From 1890 to 1919, Hassam and his wife spent almost every winter in Manhattan and nearly every summer in New England. Prior to 1914, they went to Appledore Island in the Isles of Shoals, off the coast of New Hampshire, and often combined their visit there with a brief stay in Gloucester, Massachusetts. After the turn of the century, they began to visit picturesque, historically significant towns with artist colonies in Connecticut, including Cos Cob, Greenwich, and Old Lyme. In 1919, they purchased a house in East Hampton, Long Island, and settled there in the summer months. During these summers, Hassam was very productive, and he returned to New York with a large group of pictures ready for sale. In addition to these excursions, he made five extended visits to Europe. Throughout his career, his travels provided opportunities for him to exchange ideas with other painters and to familiarize himself with the latest trends in art.

Since Hassam rarely worked on commission, he ostensibly had the freedom to paint what he wished. He created intimate interior and exterior images of people laboring or engaging in a leisure activity, and he represented panoramic city or country views in which figures appear small in scale or not at all. In addition to these landscapes, cityscapes, and interior scenes, he produced still lifes and nudes. Experimenting with a variety of media, he worked in watercolor, oil, and pastel, and toward the end of his career he took up etching (1915) and lithography (1917). Rather than permanently adopting one artistic style, Hassam altered his approach according to the progressive aesthetics of the period. His early pictures of Boston streets and rural New England landscapes with their subdued, tonalist palette, smooth application of paint, and clear linear perspective suggest the influence of the French Barbizon School painters, whose work was popular among American artists and collectors. After studying in Paris, he changed his style and expanded his repertoire of subjects.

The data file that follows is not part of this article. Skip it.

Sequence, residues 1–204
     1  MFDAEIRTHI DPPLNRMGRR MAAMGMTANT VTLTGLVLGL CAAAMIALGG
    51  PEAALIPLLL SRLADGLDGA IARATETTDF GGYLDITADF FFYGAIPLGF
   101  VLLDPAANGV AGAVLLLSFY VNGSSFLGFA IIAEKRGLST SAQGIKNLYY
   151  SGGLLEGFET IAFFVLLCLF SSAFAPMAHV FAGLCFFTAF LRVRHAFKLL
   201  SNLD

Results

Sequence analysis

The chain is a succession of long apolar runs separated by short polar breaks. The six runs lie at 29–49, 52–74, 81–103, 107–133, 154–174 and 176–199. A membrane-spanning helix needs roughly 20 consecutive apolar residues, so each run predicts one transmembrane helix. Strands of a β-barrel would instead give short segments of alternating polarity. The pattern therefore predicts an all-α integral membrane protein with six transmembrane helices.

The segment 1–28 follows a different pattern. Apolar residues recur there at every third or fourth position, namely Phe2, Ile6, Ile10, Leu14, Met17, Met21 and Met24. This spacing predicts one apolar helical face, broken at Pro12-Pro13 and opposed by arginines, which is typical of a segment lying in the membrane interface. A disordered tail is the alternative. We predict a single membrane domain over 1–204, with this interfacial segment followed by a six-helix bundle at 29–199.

His depictions of New York and Appledore with their bright tones, quick, short brushwork, and less exacting recession into space recall the French Impressionist pictures of Gustave Caillebotte (1848-1894), Edgar Degas (1834-1917) and Claude Monet (1840-1926). In the second decade of the twentieth century, he transformed his style once again. Compared with his Impressionist pictures, these late works, usually on larger canvases, display a greater intensity of color, a more rhythmic brushwork, a rigid, geometric representation of space and a “classical” or highly symbolic subject matter. These images allude to the impact of Post-Impressionism, the modern mural aesthetic, Symbolism, and the large scale works of the French artist Puvis de Chavannes (1824-1898). Hassam’s shifts in style, his use of a variety of media, and his diverse subject matter not surprisingly led one early twentieth-century critic to call him “the ambidextrous Childe Hassam.” (3)

1) Edmund Charles Tarbell to Maud Doane Hassam, n.d., Childe Hassam Papers, American Academy of Arts and Letters records, Archives of American Art, Washington, D.C.
2) H. Barbara Weinberg, “Hassam in New York, 1899-1896” in H. Barbara Weinberg and Elizabeth E. Barker, Childe Hassam: American Impressionist (New York: Metropolitan Museum of Art; New Haven: Yale University Press, 2004), 87.
3) Charles L. Buchanan, “The Ambidextrous Childe Hassam,” International Studio 67 (January 1916): 83